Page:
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Built in 1858, the John Wornall House is one of the few antebellum homes remaining in Kansas City and the oldest house museum in the city. The Greek Revival home stood on five hundred acres owned by John Wornall, a farmer with significant landholdings and investments by the time of the Civil War. The two-story brick structure operates as a museum, with exhibits that center on slavery and the Civil War era, and also include period furniture to represent a prosperous, pre-Civil War household. The 1860 census indicated that four enslaved persons tended to the crops and household tasks. The house was used by both Union and Confederate troops as a field hospital during the Battle of Westport, which took place on October 23, 1864, and resulted in a Union victory. Given its age and significance, the house was added to the National Register of Historic Places in 1969. Today, the home is open to the public as a museum under the care of Wornall Majors House Museums.

John Wornall House Museum

Plant, Building, Sky, Window

John Bristow Wornall was born in Kentucky in 1822 to Richard and Judith Wornall. Richard owned a mule and horse-trading business before financial problems forced him to sell his assets. The family made their way to Jackson County, Missouri, in 1843, where Richard and Judith purchased 500 acres from John C. McCoy, the founder of Westport. They paid five dollars per acre for the land which included a small, wooden, four-square log cabin built in 1837. The original property stretched from present-day 59th to 67th streets, Main Street to State Line. 

The Wornalls were farmers who grew corn, hay, oats, and wheat and sold horses and mules to those moving west. Records show the Wornalls made enough money in their first year to pay off the farm entirely. The Wornalls were also slave owners, and the 1860 census lists two women, one man, and a child as being enslaved by the Wornall family. While little is known about these four individuals, local historians have found a high likelihood that their names were George, Jim, Allen, and Nancy. While slavery in parts of Missouri was very profitable, this was a working farm, not on a plantation scale, and the Warnall family would have worked the land in addition to the people they enslaved.

In 1845, Richard and Judith sold the farm to John and his brother George. In 1849, George caught “gold rush fever” and set out for California; he died along the way of cholera. Judith also passed away that same year, and Richard returned to Kentucky. The Wornall farm thus became John’s sole property. John married three times. The first marriage was in 1850 to Matilda Polk from Kentucky. Matilda died childless in 1851 after one year of marriage. In 1854, John married Eliza Shalcross Johnson, daughter of Rev. Thomas Johnson, founder of the Shawnee Indian Mission in what is now Kansas City, Kansas. John and Eliza had seven children, of whom only two, Frank and Thomas, survived. They had five daughters who all passed away before the age of three. Eliza died in July 1865 due to medical complications three weeks after giving birth to Thomas. John married for the third time in 1866 to Roma Johnson, Eliza’s cousin. John and Roma had three sons, of which two – John Jr and Charles Hardin – survived to adulthood.

In 1858, John constructed the Wornall House on his farm. The Greek Revival style, two-story brick structure was built almost entirely with local materials. Limestone and mortar came from nearby sources, while the bricks were produced on-site only fifty feet away. It is possible John used enslaved bricklayers to build the house.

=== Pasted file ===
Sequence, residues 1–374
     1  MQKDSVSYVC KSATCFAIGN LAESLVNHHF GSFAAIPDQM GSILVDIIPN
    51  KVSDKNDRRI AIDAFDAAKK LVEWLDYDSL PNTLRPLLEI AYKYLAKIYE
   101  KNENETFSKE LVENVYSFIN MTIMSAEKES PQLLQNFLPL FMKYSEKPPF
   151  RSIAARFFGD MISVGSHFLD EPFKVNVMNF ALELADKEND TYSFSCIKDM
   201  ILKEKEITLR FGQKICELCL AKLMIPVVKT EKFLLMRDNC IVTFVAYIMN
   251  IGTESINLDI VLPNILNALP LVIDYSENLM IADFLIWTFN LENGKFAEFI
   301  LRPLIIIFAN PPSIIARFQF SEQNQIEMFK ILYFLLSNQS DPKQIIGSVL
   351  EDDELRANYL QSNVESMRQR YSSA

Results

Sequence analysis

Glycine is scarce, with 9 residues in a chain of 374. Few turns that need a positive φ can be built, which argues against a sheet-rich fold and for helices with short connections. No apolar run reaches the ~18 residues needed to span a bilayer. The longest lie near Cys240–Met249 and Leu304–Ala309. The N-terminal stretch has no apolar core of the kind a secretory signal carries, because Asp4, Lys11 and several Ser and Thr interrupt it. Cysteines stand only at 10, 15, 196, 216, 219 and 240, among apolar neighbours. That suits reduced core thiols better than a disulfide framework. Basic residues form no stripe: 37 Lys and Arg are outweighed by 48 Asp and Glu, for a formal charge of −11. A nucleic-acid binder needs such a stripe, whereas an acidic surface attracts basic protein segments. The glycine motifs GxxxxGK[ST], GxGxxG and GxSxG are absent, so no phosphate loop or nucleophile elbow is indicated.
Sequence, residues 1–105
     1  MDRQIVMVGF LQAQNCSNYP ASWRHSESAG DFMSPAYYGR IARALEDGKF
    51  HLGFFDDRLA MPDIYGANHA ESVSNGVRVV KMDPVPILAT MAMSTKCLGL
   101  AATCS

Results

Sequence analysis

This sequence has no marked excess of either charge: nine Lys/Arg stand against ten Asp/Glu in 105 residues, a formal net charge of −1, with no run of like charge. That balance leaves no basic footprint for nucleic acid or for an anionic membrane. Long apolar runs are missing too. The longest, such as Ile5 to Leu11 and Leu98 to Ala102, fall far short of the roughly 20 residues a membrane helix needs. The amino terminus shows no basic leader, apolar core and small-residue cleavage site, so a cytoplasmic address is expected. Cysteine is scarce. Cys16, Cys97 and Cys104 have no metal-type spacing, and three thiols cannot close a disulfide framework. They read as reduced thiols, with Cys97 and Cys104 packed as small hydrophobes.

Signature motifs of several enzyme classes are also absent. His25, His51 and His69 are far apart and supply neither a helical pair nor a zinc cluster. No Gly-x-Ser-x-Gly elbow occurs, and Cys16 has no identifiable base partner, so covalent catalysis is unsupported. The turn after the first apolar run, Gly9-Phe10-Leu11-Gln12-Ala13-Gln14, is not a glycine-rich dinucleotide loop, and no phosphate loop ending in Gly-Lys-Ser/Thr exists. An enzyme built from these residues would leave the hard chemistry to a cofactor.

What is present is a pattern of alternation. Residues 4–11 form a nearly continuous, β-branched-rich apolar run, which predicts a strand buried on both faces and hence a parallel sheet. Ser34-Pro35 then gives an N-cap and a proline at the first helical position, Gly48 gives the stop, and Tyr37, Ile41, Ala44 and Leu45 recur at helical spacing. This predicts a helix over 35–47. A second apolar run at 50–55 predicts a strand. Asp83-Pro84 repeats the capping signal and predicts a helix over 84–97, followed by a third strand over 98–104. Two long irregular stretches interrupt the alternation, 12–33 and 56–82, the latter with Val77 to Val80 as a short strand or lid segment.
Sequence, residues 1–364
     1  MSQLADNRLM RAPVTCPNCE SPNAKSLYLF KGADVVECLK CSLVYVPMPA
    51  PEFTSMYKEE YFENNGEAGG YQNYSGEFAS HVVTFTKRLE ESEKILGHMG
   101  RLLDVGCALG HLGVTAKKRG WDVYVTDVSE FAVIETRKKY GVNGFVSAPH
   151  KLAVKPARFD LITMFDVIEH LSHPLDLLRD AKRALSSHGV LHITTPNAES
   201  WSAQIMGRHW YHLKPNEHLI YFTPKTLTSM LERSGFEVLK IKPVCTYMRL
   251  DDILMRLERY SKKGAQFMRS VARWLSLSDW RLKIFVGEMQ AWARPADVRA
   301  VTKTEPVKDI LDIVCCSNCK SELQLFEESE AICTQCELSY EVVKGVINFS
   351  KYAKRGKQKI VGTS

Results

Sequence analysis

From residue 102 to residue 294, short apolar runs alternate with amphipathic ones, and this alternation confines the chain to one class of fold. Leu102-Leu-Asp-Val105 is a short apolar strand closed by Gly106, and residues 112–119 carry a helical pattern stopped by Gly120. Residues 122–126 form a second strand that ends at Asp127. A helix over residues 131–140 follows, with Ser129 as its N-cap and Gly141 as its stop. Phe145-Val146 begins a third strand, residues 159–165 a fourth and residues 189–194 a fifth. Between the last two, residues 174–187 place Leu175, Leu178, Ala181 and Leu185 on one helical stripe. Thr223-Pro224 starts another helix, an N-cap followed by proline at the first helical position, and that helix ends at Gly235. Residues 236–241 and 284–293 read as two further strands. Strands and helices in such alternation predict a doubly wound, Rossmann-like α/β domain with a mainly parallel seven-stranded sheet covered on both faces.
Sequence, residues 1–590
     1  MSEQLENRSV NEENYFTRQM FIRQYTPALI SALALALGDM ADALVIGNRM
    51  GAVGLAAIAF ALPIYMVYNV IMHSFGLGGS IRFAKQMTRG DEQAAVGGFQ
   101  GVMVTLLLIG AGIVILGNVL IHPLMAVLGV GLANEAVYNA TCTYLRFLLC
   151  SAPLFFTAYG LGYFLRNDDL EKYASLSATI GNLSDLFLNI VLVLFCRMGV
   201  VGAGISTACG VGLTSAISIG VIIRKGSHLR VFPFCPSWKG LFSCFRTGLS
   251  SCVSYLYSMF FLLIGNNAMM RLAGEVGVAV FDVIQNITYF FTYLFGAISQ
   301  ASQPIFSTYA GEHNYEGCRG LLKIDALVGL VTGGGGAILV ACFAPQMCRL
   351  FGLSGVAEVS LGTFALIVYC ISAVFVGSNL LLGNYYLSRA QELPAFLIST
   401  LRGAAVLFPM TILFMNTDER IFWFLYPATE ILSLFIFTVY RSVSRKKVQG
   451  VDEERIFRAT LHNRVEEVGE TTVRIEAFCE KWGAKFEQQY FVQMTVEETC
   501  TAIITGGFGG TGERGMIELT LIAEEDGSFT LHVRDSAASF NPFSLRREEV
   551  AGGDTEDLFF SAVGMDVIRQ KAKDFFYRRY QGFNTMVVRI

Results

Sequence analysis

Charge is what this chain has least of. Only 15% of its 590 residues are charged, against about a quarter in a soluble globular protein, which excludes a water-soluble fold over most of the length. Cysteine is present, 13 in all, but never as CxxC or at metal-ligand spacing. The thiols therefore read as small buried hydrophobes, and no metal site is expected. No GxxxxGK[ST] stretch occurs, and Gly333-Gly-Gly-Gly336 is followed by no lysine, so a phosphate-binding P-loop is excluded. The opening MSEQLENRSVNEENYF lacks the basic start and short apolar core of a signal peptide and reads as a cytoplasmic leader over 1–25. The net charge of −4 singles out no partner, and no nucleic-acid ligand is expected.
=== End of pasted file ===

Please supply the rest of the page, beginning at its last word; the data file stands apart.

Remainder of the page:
John tried to stay neutral before and during the Civil War, but the region was at the forefront of the struggle over slavery. Missouri remained within the Union, but many residents, especially those who owned slaves, supported the Confederate cause. Guerilla fighters, called bushwhackers, often partook in raids on pro-Union towns. The Wornall House was ransacked on a number of occasions. It was also used as a field hospital for both Union and Confederate soldiers during the Battle of Westport on October 23, 1864. In January 1865, after threats of violence, the Wornalls abandoned their house and took refuge in downtown Kansas City. They did not return to the family home until 1874.

Besides farming, John Wornall became involved in real estate, banking, religion, and politics. He assisted in founding Kansas City National Bank and Westport Baptist Church. He was also a trustee for William Jewel College, a Baptist-affiliated college in Liberty, Missouri. He also served one term as a Missouri state senator in 1871. John Wornall died in 1892 and his last wife, Roma, lived until 1933.

John and Roma's son, John Wornall, Jr., lived in the house until his death in 1962. Two years later, the Jackson County Historical Society acquired ownership of the Wornall House. The organization restored the home to its antebellum appearance and placed it on the National Register of Historic Places in 1969. In 1972, the home opened to the public as the first house museum in Kansas City. In 2011, the house came under the management of a new entity called Wornall Majors House Museums, which also operates the Alexander Majors House.

"Building the Wornall House." Wornall Majors House Museums. Accessed August 3, 2021.

"John Wornall & His Family." Wornall Majors House Museums. Accessed August 3, 2021.

"Organizational History & Mission." Wornall Majors House Museums. Accessed August 3, 2021.

"Slavery at the Wornall House." Wornall Majors House Museums. Accessed August 3, 2021.

White, Lena. The John Wornall House Handbook, Wormall Majors House Museums. Accessed July 29th 2021.

"The Wornalls and the Civil War." Wornall Majors House Museums. Accessed August 3, 2021.

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